“No, Mom. I just did what you told me. I gave her the plate and told her where everything was, like on a clock. Then I asked her if I could do anything for her, like you told me, and she said she lost a slipper under the bed somewhere and could I find it, and she needed a jar of pickles opened, and she couldn’t find the mustard. Then there was a tape from her son stuck in the player. After I got it out we listened to the last part of it. Did you know he used to play in Little League too? He used to play outfield just like me. We use the same kind of glove. He lives in Texas now. I think she misses him. You know, just stuff she needed.”
“Oh, okay son. Thanks.” I replied.
On the drive home I remember thinking that it was strange that I always asked her if she needed help and never once had she asked me to do anything for her.
Well, Tuesday came around again and I thought I’d try a little experiment.
After I packed up the food and the lemonade I stood outside the car and called out the mother song..…."KIIIIIIIIIIM…COOOOOME HOOOOME."
She eventually popped out and came running. “What do you want, Ma?”
I explained that I needed her to take dinner in to a sister in our ward because I had a headache and on the way over I told her about the clock and the drink and told her to be sure to ask her if there was anything she could do for her before she left.
Kim said okay and up the steps she went. Well she was gone even longer than her brother. 10minutes…15minutes….20minutes.
No problem. I had brought a book this time.
When she finally came out I asked, “What took you?”
She said, “Ma, I only did what you told me. I put her plate down and told her the chicken was at 12, the potatoes at 3 and everything. Then I asked her if she needed anything and she said that her robe had fallen behind the dresser and could I get it. She needed to pick a sweater to go with the dress she was going to wear tomorrow and she couldn’t see the colors. The aspirin bottle was too hard for her to open and her jewelry box was all tangled up and she couldn’t find the necklace she’d been looking for. We straightened it all out. Did you know that she has a necklace shaped like a heart that opens up and she keeps a lock of hair in it! It was her husband’s. I think she misses him.”
“Oh, okay", I said. "Thanks for your help.”
The next Tuesday I made sure that I was all clean and fresh and I took dinner in myself.
After I explained about the food I asked her if there was anything at all I could do for her.
She replied, “Oh no, no, no. You ladies do way too much for me already. I don’t want to be a bother. Thank you so much!”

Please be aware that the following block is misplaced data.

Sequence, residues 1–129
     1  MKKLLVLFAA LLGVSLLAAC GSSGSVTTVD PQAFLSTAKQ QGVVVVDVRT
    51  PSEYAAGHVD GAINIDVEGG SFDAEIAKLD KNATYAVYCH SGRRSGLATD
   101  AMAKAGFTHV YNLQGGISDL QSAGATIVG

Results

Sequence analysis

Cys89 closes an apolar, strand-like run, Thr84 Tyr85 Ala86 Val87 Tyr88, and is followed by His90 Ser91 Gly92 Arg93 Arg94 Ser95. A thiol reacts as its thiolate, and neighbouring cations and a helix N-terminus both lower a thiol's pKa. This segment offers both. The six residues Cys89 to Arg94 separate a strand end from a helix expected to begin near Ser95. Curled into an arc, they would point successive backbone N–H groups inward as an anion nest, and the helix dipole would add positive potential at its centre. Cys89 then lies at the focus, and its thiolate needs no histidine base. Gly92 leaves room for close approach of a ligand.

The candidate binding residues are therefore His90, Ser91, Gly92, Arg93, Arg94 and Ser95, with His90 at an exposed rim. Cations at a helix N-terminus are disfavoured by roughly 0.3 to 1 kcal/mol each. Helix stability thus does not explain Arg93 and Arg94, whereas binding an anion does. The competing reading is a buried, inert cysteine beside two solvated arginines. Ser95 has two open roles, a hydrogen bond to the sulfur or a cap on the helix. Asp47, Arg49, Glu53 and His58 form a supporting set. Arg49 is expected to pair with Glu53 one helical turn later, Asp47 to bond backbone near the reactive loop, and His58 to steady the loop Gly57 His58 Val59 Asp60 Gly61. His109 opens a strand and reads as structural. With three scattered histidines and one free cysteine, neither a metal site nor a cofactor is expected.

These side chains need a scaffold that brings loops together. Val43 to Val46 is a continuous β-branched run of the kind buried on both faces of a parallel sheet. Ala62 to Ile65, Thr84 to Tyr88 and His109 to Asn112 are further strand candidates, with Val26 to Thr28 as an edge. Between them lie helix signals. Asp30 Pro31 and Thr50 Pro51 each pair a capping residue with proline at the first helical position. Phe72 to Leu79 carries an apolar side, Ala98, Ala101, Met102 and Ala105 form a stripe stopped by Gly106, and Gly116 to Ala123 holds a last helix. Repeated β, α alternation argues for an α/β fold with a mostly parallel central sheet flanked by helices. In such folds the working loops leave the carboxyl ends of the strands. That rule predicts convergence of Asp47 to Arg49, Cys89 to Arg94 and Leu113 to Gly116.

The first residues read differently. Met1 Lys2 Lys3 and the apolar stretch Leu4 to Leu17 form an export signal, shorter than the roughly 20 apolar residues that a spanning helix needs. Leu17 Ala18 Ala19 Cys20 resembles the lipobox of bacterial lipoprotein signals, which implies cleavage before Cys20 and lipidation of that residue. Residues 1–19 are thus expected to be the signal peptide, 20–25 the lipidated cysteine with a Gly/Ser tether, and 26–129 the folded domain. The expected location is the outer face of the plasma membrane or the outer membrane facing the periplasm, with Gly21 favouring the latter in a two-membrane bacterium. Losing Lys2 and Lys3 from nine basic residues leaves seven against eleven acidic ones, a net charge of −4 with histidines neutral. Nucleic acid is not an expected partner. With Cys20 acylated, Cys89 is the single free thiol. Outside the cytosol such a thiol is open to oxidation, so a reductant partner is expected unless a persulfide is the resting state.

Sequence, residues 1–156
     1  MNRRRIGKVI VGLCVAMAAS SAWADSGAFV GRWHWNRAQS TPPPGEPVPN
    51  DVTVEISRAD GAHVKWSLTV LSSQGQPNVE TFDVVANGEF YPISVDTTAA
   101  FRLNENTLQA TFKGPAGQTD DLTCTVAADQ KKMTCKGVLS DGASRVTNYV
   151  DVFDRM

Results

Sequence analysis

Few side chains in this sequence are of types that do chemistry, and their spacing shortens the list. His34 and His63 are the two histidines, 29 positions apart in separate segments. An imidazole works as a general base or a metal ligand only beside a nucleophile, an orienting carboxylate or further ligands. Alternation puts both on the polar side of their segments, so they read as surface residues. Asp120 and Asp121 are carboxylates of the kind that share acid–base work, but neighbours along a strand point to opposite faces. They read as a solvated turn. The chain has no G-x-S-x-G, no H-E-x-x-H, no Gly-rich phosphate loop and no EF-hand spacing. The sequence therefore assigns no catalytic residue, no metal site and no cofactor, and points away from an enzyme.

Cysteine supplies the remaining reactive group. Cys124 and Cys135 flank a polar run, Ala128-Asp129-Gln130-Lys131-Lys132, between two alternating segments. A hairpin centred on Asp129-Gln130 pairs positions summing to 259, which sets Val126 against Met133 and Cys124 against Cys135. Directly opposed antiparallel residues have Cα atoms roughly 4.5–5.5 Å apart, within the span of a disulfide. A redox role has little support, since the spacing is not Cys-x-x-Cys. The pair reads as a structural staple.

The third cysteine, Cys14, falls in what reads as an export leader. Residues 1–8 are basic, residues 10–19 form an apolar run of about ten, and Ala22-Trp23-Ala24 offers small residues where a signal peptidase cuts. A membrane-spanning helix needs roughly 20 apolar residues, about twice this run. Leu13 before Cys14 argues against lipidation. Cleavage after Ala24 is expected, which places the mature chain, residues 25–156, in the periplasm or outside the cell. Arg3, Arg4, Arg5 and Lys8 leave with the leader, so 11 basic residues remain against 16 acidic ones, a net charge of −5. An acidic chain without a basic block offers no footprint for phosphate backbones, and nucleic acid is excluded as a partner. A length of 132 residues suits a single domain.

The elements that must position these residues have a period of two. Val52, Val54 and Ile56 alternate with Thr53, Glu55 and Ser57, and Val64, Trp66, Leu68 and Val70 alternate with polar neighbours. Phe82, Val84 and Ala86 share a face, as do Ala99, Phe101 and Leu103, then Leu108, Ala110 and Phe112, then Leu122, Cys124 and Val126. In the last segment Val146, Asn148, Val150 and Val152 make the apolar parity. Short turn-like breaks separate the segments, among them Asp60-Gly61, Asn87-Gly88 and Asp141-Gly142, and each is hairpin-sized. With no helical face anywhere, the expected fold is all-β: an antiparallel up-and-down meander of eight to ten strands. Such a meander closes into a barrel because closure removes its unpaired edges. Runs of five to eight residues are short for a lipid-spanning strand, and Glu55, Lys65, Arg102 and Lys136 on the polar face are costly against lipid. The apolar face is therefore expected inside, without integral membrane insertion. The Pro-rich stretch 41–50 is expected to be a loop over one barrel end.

Later I checked with some of the other sisters who brought dinner. They were always told that same thing.
After that when I made dinner on Tuesdays, I packed it up with the meat at 12 on the clock, the potatoes at 3, vegetable at 6 and roll at 9. And I made a little pitcher of lemonade.
Then on my way out the door, I called a 9 year old boy or an 11 year old girl to come with me so that they could do the real service.
This reminds me of another “Mormon” thing. Part of the culture, so to speak.
The thing is this.
Bake two cakes.
It's a Relief Society lesson that I learned too late.
That boy I just told you about, well, that same boy came home from school one day to the smell of chocolate cake filling the house. Not an everyday occurrence at our house.
He went straight to the kitchen and there on the counter was a freshly baked cake with gooey chocolate icing and chopped nuts sprinkled on top…..His favorite!!!
I was standing at the sink, very busy, and I glanced over at him.
His eyes looked at me longingly and then he said what every Mormon kid says at a time like that.
You know what I’m talking about, don’t you?
”Who’s that for?” he asked.
Today I would give practically anything if I’d said the right thing that afternoon so long ago.
Which was, of course, “Why it’s for you, honey. I love you so much and I missed you while you were at school and I wanted to surprise you.”
But I didn’t say that.
I told him it was for the family who just had a baby and I was taking them dinner.
The light went out of his eyes as he went off to do the usual after school things.
And now, so many years later, I still feel the sting of regret.
Regret because that boy is gone now. I’ll never get him back.
In fact he has a boy of his own, growing up fast. I hope he and his dear wife are wiser than I was.
When Kim, his older sister, heard this story recently, she said she knew just what I meant.
She said the exact same thing happened to her when she was baking homemade rolls one day.
Only the boy that came into her kitchen with a light in his eyes was 40 and she was married to him.
She said the right thing though….”Why honey, these rolls are for you. I know they're your favorite and I missed you so much today.”
Then she hurried to make a pan of cornbread for the family that just had a baby in the ward.
I didn’t raise stupid kids you know.